Nearly half of all Americans are reporting significant increases in symptoms of depression stemming from the COVID-19 pandemic, according to a Kaiser Family Foundation poll. Seniors are particularly vulnerable to this pandemic-related depression.
Seniors are particularly vulnerable to pandemic-related depression. For those already struggling with mental health issues, ongoing requirements for social distancing can increase feelings of fear, anxiety, and loneliness. They may need extra encouragement to ask for help, including guidance on how to use technologies that can keep them connected to supportive social networks.
“As we go into the fifth month of social distancing, we’re seeing more signs of depression and discouragement,” says Susan McKinney, vice president of operations at Lifetime Wellness. Her company is a leading provider of whole-person wellness programs for senior living communities.
“Declining mental health can increase the risk of poor health outcomes overall. In the age of social isolation, staff need to be extra vigilant in spotting depression among residents – and extra creative in offering life enrichment activities that boost senior engagement.”
One way to provide structure and catalyze involvement is to design life enrichment activities around monthly themes. Lifetime Wellness helps its partner communities develop and deliver engaging thematic events.
In May, for instance, to mark National Nurses Week and National Skilled Nursing Care Week, residents honored their caregivers with creative thank-yous. “They wrote thoughtful notes and put together ‘nurse survival kits,’” McKinney says. “In this stressful time for caregivers, words and acts of appreciation are particularly uplifting.”
The last Wednesday in May, residents participated in online activities for National Senior Health & Fitness Day. Due to pandemic concerns, this was the first-ever virtual version of the annual event. “With the theme, ‘Life Is Better in Motion,’ seniors exercised virtually with residents in partner communities. In today’s realities, where we may not be as active, the all-day event reinforced how exercise and wellness programs can lead to healthier lives.”
June activities revolved around Great Outdoors Month. Partner communities created a “photo opp” station, featuring a tent and mock fireplace. Activities ranged from S’mores on a cart and hallway-led campfire songs to an imaginative in-room “bear hunt.”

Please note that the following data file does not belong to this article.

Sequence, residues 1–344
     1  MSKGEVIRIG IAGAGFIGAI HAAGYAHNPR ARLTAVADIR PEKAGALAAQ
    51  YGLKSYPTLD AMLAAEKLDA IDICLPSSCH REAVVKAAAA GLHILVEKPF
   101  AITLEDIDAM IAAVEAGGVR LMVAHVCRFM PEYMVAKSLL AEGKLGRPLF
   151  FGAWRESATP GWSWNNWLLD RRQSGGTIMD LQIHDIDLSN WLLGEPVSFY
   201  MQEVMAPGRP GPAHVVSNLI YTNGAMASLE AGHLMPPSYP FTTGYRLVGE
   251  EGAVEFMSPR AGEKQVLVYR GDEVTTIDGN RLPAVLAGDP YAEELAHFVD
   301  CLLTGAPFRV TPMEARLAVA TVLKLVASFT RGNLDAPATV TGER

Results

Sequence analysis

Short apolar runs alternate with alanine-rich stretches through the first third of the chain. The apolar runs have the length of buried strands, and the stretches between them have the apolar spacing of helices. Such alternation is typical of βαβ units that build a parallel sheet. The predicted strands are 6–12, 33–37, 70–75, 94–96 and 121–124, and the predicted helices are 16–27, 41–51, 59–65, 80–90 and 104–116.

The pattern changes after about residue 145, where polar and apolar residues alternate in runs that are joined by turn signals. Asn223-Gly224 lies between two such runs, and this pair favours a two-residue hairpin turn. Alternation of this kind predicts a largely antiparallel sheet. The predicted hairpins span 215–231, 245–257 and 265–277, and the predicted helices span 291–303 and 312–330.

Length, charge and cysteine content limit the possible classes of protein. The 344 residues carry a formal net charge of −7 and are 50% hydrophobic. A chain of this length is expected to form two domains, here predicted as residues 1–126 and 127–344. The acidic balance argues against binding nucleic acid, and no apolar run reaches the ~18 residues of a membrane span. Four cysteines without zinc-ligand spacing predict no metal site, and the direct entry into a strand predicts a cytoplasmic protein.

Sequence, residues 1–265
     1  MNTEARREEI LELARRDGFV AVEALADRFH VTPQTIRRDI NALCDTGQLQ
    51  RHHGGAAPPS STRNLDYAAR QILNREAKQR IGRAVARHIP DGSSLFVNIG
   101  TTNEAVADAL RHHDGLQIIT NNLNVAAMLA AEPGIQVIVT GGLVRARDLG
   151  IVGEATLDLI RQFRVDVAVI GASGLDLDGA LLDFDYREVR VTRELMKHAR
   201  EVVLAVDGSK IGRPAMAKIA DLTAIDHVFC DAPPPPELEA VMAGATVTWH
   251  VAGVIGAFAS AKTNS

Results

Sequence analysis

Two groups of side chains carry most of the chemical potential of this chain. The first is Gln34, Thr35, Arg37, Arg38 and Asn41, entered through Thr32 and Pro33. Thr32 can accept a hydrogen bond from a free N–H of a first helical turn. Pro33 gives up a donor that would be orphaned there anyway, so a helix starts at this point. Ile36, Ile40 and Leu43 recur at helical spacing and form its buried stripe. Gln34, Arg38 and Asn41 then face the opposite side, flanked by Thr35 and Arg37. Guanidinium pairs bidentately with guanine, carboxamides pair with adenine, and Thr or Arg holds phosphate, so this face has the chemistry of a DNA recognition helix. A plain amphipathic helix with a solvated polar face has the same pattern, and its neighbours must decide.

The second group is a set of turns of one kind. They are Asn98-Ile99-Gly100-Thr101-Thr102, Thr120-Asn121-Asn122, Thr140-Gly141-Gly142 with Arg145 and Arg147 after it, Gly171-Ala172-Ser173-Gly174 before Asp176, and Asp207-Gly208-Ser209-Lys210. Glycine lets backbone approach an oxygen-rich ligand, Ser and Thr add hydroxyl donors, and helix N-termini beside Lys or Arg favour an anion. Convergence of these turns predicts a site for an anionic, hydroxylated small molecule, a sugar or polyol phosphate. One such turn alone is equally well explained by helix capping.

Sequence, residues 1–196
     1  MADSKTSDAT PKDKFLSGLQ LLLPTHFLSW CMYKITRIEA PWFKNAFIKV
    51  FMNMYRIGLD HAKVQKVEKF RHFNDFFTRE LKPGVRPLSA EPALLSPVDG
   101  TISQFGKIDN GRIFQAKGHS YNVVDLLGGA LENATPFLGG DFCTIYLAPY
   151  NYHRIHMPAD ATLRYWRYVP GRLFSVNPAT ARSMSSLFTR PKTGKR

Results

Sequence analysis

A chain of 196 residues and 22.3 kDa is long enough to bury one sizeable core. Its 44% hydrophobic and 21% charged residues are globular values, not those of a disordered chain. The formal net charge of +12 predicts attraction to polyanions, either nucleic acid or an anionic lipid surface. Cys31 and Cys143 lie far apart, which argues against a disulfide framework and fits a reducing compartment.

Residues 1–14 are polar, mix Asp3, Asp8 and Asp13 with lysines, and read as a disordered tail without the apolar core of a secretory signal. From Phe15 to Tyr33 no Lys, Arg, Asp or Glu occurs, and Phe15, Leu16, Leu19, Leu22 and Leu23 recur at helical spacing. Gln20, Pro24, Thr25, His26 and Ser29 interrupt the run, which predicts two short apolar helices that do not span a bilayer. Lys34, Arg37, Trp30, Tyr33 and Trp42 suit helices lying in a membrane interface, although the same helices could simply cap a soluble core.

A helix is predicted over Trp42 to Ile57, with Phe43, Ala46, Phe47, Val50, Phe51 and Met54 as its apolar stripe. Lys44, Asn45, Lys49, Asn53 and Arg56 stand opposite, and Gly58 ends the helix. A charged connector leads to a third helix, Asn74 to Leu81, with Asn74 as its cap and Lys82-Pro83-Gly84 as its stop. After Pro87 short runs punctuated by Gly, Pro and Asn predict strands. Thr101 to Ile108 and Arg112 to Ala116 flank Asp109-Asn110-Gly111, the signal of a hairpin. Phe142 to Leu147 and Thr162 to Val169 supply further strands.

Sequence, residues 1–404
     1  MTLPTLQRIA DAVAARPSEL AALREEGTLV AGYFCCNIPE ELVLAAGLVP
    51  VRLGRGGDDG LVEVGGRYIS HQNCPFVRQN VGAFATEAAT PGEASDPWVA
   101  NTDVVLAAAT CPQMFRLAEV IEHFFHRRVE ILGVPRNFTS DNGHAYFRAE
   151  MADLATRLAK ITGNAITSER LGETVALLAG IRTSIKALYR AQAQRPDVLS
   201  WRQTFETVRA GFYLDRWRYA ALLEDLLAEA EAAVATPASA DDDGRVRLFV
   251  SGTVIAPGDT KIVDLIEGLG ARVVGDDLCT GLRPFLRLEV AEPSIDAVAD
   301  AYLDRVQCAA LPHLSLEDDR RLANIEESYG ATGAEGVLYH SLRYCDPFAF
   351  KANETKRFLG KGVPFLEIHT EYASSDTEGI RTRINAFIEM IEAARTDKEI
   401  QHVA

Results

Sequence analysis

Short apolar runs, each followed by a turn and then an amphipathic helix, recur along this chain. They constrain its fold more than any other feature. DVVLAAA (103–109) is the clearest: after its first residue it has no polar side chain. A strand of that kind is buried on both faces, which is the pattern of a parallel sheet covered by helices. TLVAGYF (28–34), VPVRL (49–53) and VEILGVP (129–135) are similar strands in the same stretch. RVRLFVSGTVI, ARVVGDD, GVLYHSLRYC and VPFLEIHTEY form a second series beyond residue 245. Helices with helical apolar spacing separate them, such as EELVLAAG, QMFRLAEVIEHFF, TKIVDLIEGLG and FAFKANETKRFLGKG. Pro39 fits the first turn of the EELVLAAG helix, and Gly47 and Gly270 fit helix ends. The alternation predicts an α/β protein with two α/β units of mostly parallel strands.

June was also National Fresh Fruit and Vegetable Month, featuring colorful farmer’s market carts and a focus on nutrition. “Depression often leads to loss of appetite and weight loss,” McKinney says. “With communal dining suspended now, communities are looking for new ways to spark residents’ interest in eating. Distributing fresh produce from room to room is an excellent solution.”
The Sound of Music
At any age, nothing lifts our spirits like music. Lifetime Wellness partner communities continue to offer a variety of musical activities – from virtual concerts and hallway karaoke singalongs to “music window therapy.” With these sessions, music therapists engage residents in song and instruments, from a safe distance outside the window.
Lifetime Wellness also continues to deliver the Music & Memory program, providing personalized music for residents living with Alzheimer’s disease and related dementias. The program is based on neuroscience research that highlights the therapeutic benefits of personalized music.
“In consultation with each resident and the resident’s family, staff create a custom playlist, delivered on digital devices,” McKinney says. “Favorite songs typically span all chapters of a resident’s life, sparking renewed connection.”
Depression can also be eased through aromatherapy, the use of essential oils from plants to relieve stress and promote relaxation. The Lifetime Wellness signature AromaWorks program enables caregivers to expand their non-pharmacological intervention strategies – providing an individualized therapeutic approach for addressing mood disorders.
“The program helps staff assess resident needs and determine which oils are best suited for each individual,” McKinney says. “Essential oils are applied through inhalation with a diffuser or topically through a prediluted roll-on that is safe for sensitive skin.
With clergy and volunteers restricted from visiting senior living communities, new initiatives are helping residents address their spiritual health. For example, communities are providing an outlet for sharing any needs or prayer requests. “Residents and staff can fill out prayer cards and post them on a prayer board for others to view,” McKinney says. “Those with needs are lifted up in prayer and often receive a comforting virtual spiritual visit.
“As needs arise, innovation – coupled with our commitment to serving the most vulnerable – continues to lead us to solutions for mood management. Creative approaches deliver support, comfort, and whole-person wellness, even in the most disruptive of times.”
Lifetime Wellness offers an array of life enrichment programs and activities to meet the needs of your facility. Contact us today to speak with a member of our team!